Technology has progressed to such an extent that we have so many more options. Typically, this makes your job as the customer that tad more complicated. Then, just as you have reached a solution you have more questions to answer.
IP PBX Phone System is one such solution.
An IP Phone System uses Internet Protocol (IP) technology and the handsets are connected via an Ethernet connection either on a Local Area Network (LAN) or a Wide Area Network (WAN.)
When you choose an IP Phone System, you purchase the phone system for your own use and you choose where to host it.
There is the crux of it – where should you host it? Should you host it on a virtual server/cloud or should you opt for the traditional route and have an on-premise PBX?
You have your dedicated phone system as software. You can choose to host it on a virtual server (on-site or off-site) or a physical server (on-site or off-site) where you access it via a private cloud.
The company that supplied the phone system can maintain it and upgrade it as required, however, generally, you are responsible for the server itself (unless you outsource that.)
The costs involved are generally around the purchase of the software and maintenance. Virtual servers’ costs are minimal and the ability to create more memory needed is simple.
On-Premise PBX IP Phone system
You have the phone system software on its own PBX which is a physical box to sit in a location of your choosing; typically, on-site.
The company who supplied the phone system can maintain it and upgrade it but if more memory is needed, chances are you need more equipment and time to upgrade it.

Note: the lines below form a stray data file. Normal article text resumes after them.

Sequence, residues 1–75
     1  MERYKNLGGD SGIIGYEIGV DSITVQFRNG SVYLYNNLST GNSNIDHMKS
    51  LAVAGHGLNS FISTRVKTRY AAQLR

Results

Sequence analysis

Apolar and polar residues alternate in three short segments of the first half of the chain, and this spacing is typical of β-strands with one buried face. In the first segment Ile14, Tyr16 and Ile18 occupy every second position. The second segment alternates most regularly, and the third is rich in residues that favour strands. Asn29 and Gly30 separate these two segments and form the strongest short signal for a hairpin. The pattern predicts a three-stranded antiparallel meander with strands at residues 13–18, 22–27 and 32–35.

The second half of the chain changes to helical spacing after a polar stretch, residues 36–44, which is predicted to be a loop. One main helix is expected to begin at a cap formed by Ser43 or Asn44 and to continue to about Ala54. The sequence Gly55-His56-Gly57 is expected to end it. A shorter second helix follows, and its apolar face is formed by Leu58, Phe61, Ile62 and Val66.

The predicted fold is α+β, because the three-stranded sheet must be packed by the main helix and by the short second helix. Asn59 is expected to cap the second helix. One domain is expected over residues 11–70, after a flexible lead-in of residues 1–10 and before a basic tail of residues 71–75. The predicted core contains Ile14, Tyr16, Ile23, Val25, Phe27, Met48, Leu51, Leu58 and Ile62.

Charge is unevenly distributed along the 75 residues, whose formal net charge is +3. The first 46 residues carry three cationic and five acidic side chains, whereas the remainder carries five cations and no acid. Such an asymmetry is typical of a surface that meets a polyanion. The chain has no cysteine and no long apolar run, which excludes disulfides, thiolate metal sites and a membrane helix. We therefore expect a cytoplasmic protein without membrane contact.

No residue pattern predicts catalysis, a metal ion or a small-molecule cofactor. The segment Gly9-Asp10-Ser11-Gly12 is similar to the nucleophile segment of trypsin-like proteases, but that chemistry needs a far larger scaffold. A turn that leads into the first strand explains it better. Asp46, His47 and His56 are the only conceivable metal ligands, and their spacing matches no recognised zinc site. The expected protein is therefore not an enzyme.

The costs are generally around the cost of equipment and maintenance. Typically, it is a solution more fitting for a business who has an I.T. person familiar with PBX’s who can maintain and upgrade it themselves.
Disaster Recovery for IP Phone Systems
Regardless of whether you choose to host your IP Phone system or have a PBX on-site, you need to consider a Disaster Recovery (DR) solution in place.
Here are a couple of examples of typical set-ups:
- One of our clients has their IP Phone system hosted on a virtual server in their head office (they have 100+sites across the country.) Additionally, they have it hosted on another server, a few miles away. They have back-ups in place which take a snapshot on a regular basis. If their system goes down, they can replace the back-up version and typical downtime is 30mins. If their head office is involved in a natural disaster, they have a physical location ready to go.
- Another client has a physical PBX box on-site, a few hours from us. If it goes down, we have a replacement but it will still take time to get them to and replace the equipment; their downtime could be closer to 4/5 hours.
Those are the two extremes; one client is completely prepared and will have minimal downtime and the other has slightly more risk and longer downtime expected.
Need help with how to write a Disaster Recovery plan?